Akita Inu are not the kind of breed that will listen and accept anything. You will often hear people say it can be a “stubborn” Japanese dog. I would rather say that it is a “decision-making” Japanese dog who knows what he wants, when he wants it, and how to get it… He knows how to make himself understood! This is something I particularly like about Akita. With him you have to be patient and find the right motivation.
Yuki excels in this aspect: his life is slow-paced! When you ask him something, you can picture what he thinks and you laugh at it. For example:
“Come back to my owner? Do I really feel like it? If I get up and go, is it really worth it? Does this justify the energy I will have to spend, or do I have better things to do before I go?” With an attitude that gives the impression that life is so difficult! You really have to go all in to motivate him!
This Japanese dog, like others, can perfectly live in an apartment. It is a very quiet dog (perhaps less as a young puppy) that will spend most of his time sleeping in his corner. As long as his needs in terms of walks are respected, as well as entertainment to mentally stimulate him, he can perfectly adapt to any decent-size apartment.
If nap is a recognized sport, then yes, the Akita Inu excels in this field!
It a breed of Japanese dogs that are not usually very active. They do not have the morphology for traction sports or jumps (which are strongly not recommended anyway). But if you adapt to your dog, your dog likes the activity and you take all the necessary precautions, why not.
On the other hand, Akita Inu can be perfect companions for walks and hikes (once their growth is over). I personally love to walk my Akita or go on hikes. Of course at their pace… Especially Yuki’s! It teaches us to enjoy every moment of walking, to observe and listen to the nature around us. I love being alone in the world with them for hours.
The Akita Inu is therefore a perfect companion for a walk, when he decides that a break in his nap is necessary!
This Japanese dog breed has a self-cleaning fur which is very convenient every day, especially when returning from a walk. However, a good daily brushing is necessary.
That being said, you may want to ask yourself: Are you obsessive about cleanliness? Or allergic to dog hair?
We all agree that an Akita’s coat is just beautiful! But where do you think all that hair goes after the dog molts? Well, you have to be prepared to share your life with dog hair because the molting of this Japanese dog takes place for half the year, if not more! I let you discover a small part of my daily life in the links provided at the end of this article. Having access to such magnificent fur does not come for free.
Finally, I want to mention two things that are of particular concern to me:
First, it is important to know that the Akita Inu is unfortunately affected by two diseases: Sebaceous adenitis (SA) and VKH (Vogt-Koyanagi-Harada disease). Here is an article where you can learn more about Akita’s diseases.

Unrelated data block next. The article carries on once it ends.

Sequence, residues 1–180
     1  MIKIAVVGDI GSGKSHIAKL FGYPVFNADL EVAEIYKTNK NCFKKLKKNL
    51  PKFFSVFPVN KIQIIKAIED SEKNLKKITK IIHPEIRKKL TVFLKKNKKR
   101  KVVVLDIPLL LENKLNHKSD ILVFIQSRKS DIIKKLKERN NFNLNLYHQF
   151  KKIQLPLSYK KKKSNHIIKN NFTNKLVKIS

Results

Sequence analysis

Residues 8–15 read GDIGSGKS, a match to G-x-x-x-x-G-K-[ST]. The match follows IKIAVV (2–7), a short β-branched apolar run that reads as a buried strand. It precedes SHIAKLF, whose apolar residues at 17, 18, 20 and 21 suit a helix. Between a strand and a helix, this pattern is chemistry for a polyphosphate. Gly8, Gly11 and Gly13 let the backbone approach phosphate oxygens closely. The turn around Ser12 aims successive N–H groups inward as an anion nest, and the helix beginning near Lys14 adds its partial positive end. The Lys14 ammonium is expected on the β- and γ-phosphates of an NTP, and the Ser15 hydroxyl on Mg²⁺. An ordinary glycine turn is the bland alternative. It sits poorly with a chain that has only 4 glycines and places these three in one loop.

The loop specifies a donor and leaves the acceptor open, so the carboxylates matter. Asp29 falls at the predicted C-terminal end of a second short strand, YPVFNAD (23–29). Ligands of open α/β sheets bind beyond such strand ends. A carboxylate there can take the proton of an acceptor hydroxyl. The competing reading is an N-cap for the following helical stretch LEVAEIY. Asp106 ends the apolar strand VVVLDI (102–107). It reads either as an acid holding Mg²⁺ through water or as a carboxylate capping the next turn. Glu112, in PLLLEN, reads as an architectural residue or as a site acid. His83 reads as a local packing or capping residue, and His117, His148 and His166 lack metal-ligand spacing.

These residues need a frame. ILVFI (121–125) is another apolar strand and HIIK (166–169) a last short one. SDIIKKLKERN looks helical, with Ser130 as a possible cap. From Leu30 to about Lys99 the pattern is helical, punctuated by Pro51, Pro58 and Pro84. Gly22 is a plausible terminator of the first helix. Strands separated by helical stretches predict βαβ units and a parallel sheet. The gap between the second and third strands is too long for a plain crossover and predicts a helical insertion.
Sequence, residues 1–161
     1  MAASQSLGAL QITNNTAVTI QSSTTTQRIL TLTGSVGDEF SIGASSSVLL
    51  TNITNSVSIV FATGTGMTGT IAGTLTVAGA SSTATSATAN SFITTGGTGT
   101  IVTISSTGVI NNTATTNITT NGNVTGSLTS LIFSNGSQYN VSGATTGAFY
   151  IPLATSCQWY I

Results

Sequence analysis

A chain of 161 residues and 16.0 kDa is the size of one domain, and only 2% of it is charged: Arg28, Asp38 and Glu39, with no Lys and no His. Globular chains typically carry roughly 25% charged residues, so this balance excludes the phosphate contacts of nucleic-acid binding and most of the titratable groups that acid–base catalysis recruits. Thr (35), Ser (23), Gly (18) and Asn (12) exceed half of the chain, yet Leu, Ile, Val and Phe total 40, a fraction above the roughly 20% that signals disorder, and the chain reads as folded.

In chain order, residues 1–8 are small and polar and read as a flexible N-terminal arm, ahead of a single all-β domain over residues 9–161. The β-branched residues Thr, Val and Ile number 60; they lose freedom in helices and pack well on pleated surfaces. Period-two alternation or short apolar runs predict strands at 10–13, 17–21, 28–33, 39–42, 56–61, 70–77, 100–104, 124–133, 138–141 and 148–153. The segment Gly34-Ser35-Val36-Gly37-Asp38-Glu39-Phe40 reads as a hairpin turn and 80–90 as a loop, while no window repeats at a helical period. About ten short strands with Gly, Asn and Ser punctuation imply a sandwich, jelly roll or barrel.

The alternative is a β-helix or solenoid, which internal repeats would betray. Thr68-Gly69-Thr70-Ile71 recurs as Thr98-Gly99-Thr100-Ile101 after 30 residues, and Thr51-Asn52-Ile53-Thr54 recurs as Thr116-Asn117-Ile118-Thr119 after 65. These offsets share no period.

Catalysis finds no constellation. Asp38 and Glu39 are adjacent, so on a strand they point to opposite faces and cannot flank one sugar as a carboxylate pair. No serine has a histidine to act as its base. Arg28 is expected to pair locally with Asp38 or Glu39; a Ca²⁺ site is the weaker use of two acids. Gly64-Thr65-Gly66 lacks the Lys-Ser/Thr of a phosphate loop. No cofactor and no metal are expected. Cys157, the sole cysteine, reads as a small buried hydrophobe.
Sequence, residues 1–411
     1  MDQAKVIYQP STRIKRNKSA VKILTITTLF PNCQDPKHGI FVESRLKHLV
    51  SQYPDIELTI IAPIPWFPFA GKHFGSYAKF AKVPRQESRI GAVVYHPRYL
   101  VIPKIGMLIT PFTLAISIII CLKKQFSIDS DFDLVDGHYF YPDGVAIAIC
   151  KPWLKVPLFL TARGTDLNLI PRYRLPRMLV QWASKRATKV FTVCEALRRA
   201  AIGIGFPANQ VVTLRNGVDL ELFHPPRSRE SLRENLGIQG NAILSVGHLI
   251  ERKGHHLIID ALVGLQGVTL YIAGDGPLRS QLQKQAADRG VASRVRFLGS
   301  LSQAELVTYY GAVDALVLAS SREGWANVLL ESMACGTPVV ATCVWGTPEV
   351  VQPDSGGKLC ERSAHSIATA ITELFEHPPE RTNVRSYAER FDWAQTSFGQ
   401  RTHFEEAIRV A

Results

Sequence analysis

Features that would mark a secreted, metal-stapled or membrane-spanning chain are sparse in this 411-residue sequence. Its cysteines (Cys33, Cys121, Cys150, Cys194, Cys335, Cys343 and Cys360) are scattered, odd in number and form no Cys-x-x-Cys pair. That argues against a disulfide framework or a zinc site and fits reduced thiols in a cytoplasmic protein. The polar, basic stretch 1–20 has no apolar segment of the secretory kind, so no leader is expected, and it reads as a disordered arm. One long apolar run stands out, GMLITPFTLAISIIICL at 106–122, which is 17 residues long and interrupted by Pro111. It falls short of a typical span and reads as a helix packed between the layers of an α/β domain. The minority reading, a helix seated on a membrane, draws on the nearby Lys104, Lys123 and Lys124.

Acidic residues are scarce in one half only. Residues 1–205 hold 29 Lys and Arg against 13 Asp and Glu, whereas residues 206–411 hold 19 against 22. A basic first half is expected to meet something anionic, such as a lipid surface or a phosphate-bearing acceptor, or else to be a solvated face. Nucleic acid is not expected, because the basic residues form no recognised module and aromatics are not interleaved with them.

Akita Inu is a Japanese dog that has become fragile, affected by multiple diseases and concerns (dysplasia, allergies, ligament fragility, epilepsy, etc.). I am personally concerned about the health of my Akita Inu. It’s extremely important to pay attention to where your dog comes from but that does not solve everything…
Second, the Akita Inu and also the Shiba Inu (another Japanese dog), as well as the American Akita have experienced exponential increase in dog abandonments of late. This is all too often linked to “behavioral issues,” as mentioned above, even if these traits are pointed out to future owners on social networks and websites.
Surely by now you understand the importance of being prepared. Be sure to ask yourself the right questions beforehand! Try to learn whether you are right for this Japanese dog first, and not the other way around!
The Akita Inu is a magnificent and complex Japanese dog. Many will see “defects” where I see daily quirks that teach me so much, both about myself and the dog world.
Constant awareness is essential. You have to be ready to share your life with your Akita Inu, accept its identity, help your dog adapt to its environment. Be aware: nothing is ever easy with an Akita, but isn’t that what is interesting and so rewarding?
People often ask if I could own another Akita (Inu and/or American) in the future. My answer is obvious: YES!
I have become enamored with this beautiful Japanese dog breed. It is so interesting and exciting on a daily basis. I take great pleasure in sharing information about the Akita Inu (and same for American Akita), warning future owners of what things can be like, but I also love sharing my passion and my affection for this Japanese dog breed.
NB: Everything mentioned above about Akita Inu can be also applied to the American Akita; that is why I often refer to them only as “Akita”.
Article and testimony written by Laetitia.
Instagram @Akita_thereallife with beautiful pictures of Akita.
Facebook page to learn more.
For many other articles and testimonies about Japan, visit the Go! Go! Nihon blog.